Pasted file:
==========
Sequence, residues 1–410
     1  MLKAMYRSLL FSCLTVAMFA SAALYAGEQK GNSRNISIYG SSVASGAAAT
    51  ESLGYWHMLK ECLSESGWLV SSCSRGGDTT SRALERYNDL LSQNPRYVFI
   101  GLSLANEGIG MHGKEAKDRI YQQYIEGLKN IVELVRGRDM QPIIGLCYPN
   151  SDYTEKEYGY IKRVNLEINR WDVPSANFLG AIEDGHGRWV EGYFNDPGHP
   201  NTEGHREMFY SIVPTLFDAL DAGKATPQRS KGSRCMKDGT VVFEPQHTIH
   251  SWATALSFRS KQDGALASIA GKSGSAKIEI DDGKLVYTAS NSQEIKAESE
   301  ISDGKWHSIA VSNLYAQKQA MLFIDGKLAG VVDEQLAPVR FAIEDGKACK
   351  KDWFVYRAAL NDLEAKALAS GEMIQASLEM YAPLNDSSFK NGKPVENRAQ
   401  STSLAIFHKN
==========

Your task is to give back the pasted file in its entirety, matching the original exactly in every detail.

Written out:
Sequence, residues 1–410
     1  MLKAMYRSLL FSCLTVAMFA SAALYAGEQK GNSRNISIYG SSVASGAAAT
    51  ESLGYWHMLK ECLSESGWLV SSCSRGGDTT SRALERYNDL LSQNPRYVFI
   101  GLSLANEGIG MHGKEAKDRI YQQYIEGLKN IVELVRGRDM QPIIGLCYPN
   151  SDYTEKEYGY IKRVNLEINR WDVPSANFLG AIEDGHGRWV EGYFNDPGHP
   201  NTEGHREMFY SIVPTLFDAL DAGKATPQRS KGSRCMKDGT VVFEPQHTIH
   251  SWATALSFRS KQDGALASIA GKSGSAKIEI DDGKLVYTAS NSQEIKAESE
   301  ISDGKWHSIA VSNLYAQKQA MLFIDGKLAG VVDEQLAPVR FAIEDGKACK
   351  KDWFVYRAAL NDLEAKALAS GEMIQASLEM YAPLNDSSFK NGKPVENRAQ
   401  STSLAIFHKN